Protein Stability Changes upon Point Mutations Identified with a Gaussian Network Model Simulating Protein Unfolding Behavior
Understanding the effects of missense mutations on protein stability is a widely acknowledged significant biological problem. Genomic missense mutations may alter one or more amino acids leading to increased or decreased stability of the encoded proteins. In this study, we propose a novel approach - Protein Stability Prediction with a Gaussian Network Model (PSP-GNM) to study the effect of single amino acid substitutions on protein stability. Specifically, PSP-GNM employs a coarse-grained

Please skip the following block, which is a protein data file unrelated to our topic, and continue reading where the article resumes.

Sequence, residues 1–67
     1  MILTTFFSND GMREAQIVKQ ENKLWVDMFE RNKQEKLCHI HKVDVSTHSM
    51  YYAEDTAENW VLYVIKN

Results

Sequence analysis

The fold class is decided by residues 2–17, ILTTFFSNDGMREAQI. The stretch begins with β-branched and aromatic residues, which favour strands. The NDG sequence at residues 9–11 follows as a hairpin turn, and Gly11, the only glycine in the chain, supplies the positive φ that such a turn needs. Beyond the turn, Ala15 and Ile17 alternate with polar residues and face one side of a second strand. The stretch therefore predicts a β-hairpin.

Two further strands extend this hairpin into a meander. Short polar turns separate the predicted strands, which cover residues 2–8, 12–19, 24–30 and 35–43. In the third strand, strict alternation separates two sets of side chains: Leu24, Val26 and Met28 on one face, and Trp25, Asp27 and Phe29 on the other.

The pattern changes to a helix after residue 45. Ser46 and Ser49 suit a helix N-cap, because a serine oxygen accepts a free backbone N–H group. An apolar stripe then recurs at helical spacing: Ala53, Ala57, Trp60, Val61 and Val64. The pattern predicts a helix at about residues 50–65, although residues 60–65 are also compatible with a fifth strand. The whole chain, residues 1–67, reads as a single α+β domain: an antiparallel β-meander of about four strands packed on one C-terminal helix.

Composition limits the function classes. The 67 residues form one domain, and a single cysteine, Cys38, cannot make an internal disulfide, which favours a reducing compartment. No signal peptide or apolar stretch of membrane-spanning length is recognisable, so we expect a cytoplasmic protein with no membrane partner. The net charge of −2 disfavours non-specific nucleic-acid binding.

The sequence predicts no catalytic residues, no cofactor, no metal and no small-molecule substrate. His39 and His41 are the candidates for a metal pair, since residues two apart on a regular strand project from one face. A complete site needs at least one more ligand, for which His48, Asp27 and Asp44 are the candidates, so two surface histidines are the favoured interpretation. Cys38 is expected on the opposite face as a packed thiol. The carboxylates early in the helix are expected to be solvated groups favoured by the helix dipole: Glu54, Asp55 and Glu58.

... an Network Model (GNM) that has interactions between amino acids weighted by the Miyazawa-Jernigan (MJ) statistical potential. We use PSP-GNM to simulate partial unfolding of the wildtype and mutant structures and then, use the difference in energies of the unfolded wildtype and mutant protein structures to estimate the experimentally obtained unfolding free energy change (ΔΔG). We verify the extent of correspondence between the ΔΔG calculated by PSP-GNM and the ΔΔG obtained experimentally using three datasets: 350 forward mutations from 66 proteins, 2298 forward mutations from 126 proteins and 611 forward and reverse mutations from 66 proteins and observe Pearson correlation coefficient (PCC) as high as 0.58 and root mean-squared error (RMSE) as low as 1.24 kcal/mol. The performance is comparable to the existing state of the art methods. Importantly, we do observe an increase in the correlation to 0.73 and decrease in RMSE to 1.07 when considering only those measurements made close to 25°C and neutral pH, suggesting a strong dependence on temperature and pH. PSP-GNM is written in Python and is available as a free downloadable package at https://github.com/sambitmishra0628/PSP-GNM .